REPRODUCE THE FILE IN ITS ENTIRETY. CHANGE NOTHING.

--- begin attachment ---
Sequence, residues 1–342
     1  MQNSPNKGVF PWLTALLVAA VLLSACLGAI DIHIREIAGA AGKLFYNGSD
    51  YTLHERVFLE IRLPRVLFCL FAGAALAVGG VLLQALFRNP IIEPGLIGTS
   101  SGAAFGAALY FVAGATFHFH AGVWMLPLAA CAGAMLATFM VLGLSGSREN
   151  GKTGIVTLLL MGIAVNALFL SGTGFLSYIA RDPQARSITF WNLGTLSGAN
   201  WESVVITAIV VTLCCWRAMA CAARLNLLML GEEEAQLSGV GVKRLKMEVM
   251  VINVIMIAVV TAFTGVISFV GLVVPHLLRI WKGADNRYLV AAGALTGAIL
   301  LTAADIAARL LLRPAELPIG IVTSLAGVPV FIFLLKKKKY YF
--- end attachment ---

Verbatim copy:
Sequence, residues 1–342
     1  MQNSPNKGVF PWLTALLVAA VLLSACLGAI DIHIREIAGA AGKLFYNGSD
    51  YTLHERVFLE IRLPRVLFCL FAGAALAVGG VLLQALFRNP IIEPGLIGTS
   101  SGAAFGAALY FVAGATFHFH AGVWMLPLAA CAGAMLATFM VLGLSGSREN
   151  GKTGIVTLLL MGIAVNALFL SGTGFLSYIA RDPQARSITF WNLGTLSGAN
   201  WESVVITAIV VTLCCWRAMA CAARLNLLML GEEEAQLSGV GVKRLKMEVM
   251  VINVIMIAVV TAFTGVISFV GLVVPHLLRI WKGADNRYLV AAGALTGAIL
   301  LTAADIAARL LLRPAELPIG IVTSLAGVPV FIFLLKKKKY YF